Determining the Effects of Prior COVID-19 Infection on Autologous Breast Reconstruction: A Propensity Score Matched Analysis
Alexander K Karius1, Jonlin Chen1, Rafael Felix P Tiongco1, Tomer Lagziel1, Carisa M Cooney1, Kristen P Broderick1
1The Johns Hopkins University School of Medicine, Baltimore, MD
Background: Major shifts in healthcare systems worldwide have occurred due to COVID-19. With nearly half of all Americans now having a history of COVID-19 infection, there is a pressing need to better understand the importance of prior COVID-19 infection as a potential surgical risk factor. The aim of this study was to investigate the impact of a history of prior COVID-19 infection on patient outcomes following autologous breast reconstruction.
Methods: We performed a retrospective study using the TriNetX research database, which contains deidentified patient records from 58 participating international healthcare organizations. All patients who underwent autologous breast reconstruction between April 1, 2020 and January 21, 2022. were included and were grouped based on history of a prior COVID-19 infection. Demographic, preoperative risk factors, and 90-day postoperative complication data were compared. Data were analyzed by propensity score-matched analysis on TriNetX. Statistical analyses were performed by Fisher’s exact, X2 tests, and Mann-Whitney U tests as appropriate. Significance was set at p-values of < 0.05.
Results: Patients with a history of autologous breast reconstruction within our temporal study window (n=3,215) were divided into groups with (n=230) and without (n=2,985) a prior COVID-19 diagnosis. Non-matched patients with prior COVID-19 had increased rates of select 90-day postoperative complications, including contour deformities (22.6% vs. 16.2%, p=0.012), and thrombotic events (11.7% vs. 4.4%, p<0.0001). Use of antimicrobial medications was also found to be higher in those with prior COVID-19 (84.6% vs. 77.3%, p=0.098). After performing propensity-score matching, each cohort consisted of 230 patients without statistically significant differences between any baseline characteristics used for propensity- score matching (age, race, ethnicity, hypertension, diabetes mellitus, history of breast cancer, history of chemotherapy, and history of radiation therapy). After matching, none of the analyzed outcomes were significantly different between patients with and without a history of COVID-19, except for rate of thrombotic events, which was greater in patients with a prior history of COVID-19 (10.0% vs 4.4%, p=0.0067).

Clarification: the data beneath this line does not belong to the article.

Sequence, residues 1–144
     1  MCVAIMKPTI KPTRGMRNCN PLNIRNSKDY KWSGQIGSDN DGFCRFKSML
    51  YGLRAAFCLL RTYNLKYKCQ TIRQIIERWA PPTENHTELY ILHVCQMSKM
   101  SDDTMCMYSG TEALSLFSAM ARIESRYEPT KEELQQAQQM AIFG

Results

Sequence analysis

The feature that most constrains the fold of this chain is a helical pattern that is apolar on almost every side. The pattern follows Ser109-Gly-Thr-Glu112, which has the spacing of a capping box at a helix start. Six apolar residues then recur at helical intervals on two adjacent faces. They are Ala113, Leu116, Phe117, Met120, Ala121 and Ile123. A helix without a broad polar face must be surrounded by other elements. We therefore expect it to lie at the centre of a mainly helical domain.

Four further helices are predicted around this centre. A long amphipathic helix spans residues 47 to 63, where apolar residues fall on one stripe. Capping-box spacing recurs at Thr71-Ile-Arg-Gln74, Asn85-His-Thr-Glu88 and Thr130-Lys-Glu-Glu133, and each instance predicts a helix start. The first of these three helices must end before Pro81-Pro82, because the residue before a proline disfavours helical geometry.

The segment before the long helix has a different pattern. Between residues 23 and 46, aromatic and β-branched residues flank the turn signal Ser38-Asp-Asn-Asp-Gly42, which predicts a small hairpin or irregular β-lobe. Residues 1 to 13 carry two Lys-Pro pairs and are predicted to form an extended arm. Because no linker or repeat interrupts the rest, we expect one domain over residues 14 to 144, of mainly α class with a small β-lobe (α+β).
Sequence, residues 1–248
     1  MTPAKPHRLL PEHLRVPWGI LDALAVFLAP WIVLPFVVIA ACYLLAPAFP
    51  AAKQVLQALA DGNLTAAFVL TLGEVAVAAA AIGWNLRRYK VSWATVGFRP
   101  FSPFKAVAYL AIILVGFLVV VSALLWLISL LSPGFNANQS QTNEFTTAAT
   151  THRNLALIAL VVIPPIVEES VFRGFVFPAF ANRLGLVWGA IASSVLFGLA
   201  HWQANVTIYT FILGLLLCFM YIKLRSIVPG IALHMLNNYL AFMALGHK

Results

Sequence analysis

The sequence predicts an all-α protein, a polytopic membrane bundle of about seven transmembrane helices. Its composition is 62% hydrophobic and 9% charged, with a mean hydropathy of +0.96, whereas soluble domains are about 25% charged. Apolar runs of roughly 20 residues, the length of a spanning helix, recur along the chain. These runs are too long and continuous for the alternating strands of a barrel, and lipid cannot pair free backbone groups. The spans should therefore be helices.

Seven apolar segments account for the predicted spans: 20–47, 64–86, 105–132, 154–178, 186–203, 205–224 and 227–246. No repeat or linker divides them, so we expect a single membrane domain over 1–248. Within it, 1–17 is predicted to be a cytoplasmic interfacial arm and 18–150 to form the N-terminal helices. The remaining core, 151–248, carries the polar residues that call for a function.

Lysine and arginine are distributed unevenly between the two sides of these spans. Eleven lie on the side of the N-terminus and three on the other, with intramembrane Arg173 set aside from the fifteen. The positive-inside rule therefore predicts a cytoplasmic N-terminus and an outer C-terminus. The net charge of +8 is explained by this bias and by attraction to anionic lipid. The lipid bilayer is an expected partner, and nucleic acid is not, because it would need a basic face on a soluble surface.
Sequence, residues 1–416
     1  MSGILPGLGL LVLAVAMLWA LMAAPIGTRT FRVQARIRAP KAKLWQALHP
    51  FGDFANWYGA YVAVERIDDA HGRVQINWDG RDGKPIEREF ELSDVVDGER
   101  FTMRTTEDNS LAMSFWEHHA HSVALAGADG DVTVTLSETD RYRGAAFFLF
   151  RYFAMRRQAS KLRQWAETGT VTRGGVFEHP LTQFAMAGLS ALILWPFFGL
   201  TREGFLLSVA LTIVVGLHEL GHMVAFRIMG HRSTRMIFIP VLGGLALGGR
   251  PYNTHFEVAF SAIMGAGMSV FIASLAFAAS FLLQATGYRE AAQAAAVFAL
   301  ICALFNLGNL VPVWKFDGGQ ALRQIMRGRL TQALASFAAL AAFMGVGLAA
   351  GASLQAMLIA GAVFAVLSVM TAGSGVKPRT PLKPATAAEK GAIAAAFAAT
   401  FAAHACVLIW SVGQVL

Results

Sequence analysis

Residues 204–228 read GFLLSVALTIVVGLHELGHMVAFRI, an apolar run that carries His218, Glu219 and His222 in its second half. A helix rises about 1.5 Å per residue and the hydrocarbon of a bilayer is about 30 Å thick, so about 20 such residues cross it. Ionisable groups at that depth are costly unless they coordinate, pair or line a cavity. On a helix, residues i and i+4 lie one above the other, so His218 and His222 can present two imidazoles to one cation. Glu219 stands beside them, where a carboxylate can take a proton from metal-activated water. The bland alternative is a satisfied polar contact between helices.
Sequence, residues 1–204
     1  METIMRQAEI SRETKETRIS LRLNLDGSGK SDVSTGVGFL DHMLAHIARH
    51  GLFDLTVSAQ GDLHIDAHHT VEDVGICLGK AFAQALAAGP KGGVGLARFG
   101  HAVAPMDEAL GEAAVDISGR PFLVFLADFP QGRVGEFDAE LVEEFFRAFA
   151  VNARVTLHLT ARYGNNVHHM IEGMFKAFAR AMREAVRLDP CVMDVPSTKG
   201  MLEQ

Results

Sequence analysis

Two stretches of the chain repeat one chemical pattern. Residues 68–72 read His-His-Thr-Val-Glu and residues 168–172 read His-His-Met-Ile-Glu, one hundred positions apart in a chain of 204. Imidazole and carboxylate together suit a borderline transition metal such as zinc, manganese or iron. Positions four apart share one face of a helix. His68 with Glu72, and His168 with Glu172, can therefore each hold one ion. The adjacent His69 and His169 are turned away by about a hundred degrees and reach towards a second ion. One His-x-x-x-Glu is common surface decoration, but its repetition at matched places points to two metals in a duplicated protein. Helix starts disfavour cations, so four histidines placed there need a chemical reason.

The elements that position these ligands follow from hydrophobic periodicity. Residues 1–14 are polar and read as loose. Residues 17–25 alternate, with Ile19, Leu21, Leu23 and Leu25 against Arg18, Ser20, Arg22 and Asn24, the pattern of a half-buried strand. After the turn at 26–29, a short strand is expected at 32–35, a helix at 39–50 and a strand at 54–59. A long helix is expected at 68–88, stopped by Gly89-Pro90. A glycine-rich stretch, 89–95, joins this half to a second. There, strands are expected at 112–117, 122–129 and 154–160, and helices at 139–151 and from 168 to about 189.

Conclusion: After propensity-score matching, only rate of thrombotic events was higher in patients with a history of COVID-19, while all other outcomes, including total rate of any complications, were similar between the two groups. Therefore, a prior COVID-19 infection is not a significant risk factor for autologous breast reconstruction complications.
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